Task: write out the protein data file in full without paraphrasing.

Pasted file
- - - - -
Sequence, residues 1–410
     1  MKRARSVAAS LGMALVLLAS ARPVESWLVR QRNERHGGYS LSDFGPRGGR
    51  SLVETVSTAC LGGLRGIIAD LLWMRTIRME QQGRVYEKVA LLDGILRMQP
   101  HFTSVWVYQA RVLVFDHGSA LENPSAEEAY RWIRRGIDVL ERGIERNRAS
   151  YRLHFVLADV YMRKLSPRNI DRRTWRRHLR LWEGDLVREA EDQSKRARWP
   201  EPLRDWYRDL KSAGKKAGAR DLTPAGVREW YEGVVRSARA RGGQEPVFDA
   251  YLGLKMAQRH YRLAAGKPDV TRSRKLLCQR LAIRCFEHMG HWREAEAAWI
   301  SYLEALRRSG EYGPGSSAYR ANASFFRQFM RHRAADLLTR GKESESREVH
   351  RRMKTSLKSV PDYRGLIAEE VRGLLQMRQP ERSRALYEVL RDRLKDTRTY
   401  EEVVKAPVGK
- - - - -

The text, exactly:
Sequence, residues 1–410
     1  MKRARSVAAS LGMALVLLAS ARPVESWLVR QRNERHGGYS LSDFGPRGGR
    51  SLVETVSTAC LGGLRGIIAD LLWMRTIRME QQGRVYEKVA LLDGILRMQP
   101  HFTSVWVYQA RVLVFDHGSA LENPSAEEAY RWIRRGIDVL ERGIERNRAS
   151  YRLHFVLADV YMRKLSPRNI DRRTWRRHLR LWEGDLVREA EDQSKRARWP
   201  EPLRDWYRDL KSAGKKAGAR DLTPAGVREW YEGVVRSARA RGGQEPVFDA
   251  YLGLKMAQRH YRLAAGKPDV TRSRKLLCQR LAIRCFEHMG HWREAEAAWI
   301  SYLEALRRSG EYGPGSSAYR ANASFFRQFM RHRAADLLTR GKESESREVH
   351  RRMKTSLKSV PDYRGLIAEE VRGLLQMRQP ERSRALYEVL RDRLKDTRTY
   401  EEVVKAPVGK